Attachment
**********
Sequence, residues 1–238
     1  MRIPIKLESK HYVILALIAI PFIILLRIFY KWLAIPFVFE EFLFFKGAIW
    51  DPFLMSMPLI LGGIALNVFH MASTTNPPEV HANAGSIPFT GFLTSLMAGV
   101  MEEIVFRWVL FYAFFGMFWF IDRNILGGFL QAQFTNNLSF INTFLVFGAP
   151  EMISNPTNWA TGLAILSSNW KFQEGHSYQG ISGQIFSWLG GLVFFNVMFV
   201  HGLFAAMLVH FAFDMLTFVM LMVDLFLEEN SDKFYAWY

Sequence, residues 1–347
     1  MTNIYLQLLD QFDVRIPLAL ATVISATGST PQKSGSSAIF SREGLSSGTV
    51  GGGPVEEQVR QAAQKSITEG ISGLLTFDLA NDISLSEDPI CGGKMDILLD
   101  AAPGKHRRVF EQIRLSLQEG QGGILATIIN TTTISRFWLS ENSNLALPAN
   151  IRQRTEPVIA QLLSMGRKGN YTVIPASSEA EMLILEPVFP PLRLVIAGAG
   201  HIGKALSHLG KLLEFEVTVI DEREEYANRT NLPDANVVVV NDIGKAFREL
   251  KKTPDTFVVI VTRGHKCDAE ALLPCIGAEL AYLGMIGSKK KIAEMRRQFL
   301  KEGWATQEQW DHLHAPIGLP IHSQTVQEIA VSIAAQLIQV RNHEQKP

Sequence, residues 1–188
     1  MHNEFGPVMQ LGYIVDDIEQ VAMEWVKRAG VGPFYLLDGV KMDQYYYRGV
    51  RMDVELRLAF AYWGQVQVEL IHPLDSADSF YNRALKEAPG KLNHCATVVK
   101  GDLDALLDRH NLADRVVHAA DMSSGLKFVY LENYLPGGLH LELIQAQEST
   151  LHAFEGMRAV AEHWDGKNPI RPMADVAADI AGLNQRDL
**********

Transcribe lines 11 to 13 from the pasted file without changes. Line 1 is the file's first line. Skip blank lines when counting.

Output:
   151  IRQRTEPVIA QLLSMGRKGN YTVIPASSEA EMLILEPVFP PLRLVIAGAG
   201  HIGKALSHLG KLLEFEVTVI DEREEYANRT NLPDANVVVV NDIGKAFREL
   251  KKTPDTFVVI VTRGHKCDAE ALLPCIGAEL AYLGMIGSKK KIAEMRRQFL